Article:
I saw an interesting article on The Verge that looked at the spectacular failure of the new line of Keurig’s coffee makers. The company attempted to control the usability of third party coffee in their instant coffee makers. I’m surprised they didn’t think this would be a bad or or that customers would stand for it.
Still, I do understand why they did it, their business model is basically the same as that of car manufacturers. Car makers sell the cars are surprisingly close to cost and then make all the money on spares and services. I’m not really surprised that this model proved unworkable for coffee pods when consumers already were used to using third party devices in their units.
Still I think the whole thing is interesting. Consumers would likely balk if the units were sold at a price that made them worth making without the exclusive coffee pods but they gripe at this arrangement too. The result will just be the death of such units in the long run.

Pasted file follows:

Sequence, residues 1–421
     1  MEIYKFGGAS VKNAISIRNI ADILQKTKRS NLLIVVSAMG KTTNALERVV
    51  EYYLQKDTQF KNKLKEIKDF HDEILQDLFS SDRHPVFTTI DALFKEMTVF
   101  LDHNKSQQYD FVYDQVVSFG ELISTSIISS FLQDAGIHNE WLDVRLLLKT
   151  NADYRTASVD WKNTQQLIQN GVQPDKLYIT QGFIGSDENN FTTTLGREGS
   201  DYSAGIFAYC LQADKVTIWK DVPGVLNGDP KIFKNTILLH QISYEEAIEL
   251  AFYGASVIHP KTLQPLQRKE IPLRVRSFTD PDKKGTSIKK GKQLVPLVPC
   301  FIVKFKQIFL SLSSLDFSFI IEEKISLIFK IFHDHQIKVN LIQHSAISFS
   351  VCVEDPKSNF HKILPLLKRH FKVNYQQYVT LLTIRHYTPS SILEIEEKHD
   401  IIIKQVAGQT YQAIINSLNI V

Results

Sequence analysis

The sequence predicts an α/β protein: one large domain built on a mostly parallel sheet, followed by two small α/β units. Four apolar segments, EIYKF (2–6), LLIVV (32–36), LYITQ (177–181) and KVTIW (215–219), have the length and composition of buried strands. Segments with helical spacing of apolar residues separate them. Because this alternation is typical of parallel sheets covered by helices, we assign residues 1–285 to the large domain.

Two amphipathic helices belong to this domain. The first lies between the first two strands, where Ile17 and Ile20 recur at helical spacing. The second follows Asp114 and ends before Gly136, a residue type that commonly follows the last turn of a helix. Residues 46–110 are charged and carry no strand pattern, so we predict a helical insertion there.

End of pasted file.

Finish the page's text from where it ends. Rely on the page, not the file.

You know Keurig’s machines. The company’s squat black coffee brewers have become fixtures in offices, hotels, and homes around the country, as have garbage cans heaped with the spent plastic pods they use. Purely on the strength of those machines — or more accurately, the relatively expensive pods they use — Keurig transformed its parent company, Green Mountain Coffee, from a small regional brewer to a major corporation doing over $4 billion in sales each year.
Late last year, Keurig announced a new machine, the 2.0, calling it the “future of brewing” and touting its ability to make both small cups and large carafes. But another, less-publicized feature has been getting most of the attention: the brewer’s advanced scanning system that locks out any coffee pods not bearing a special mark. It’s essentially a digital rights management system, but for coffee, and it’s proving to be the brewer’s downfall.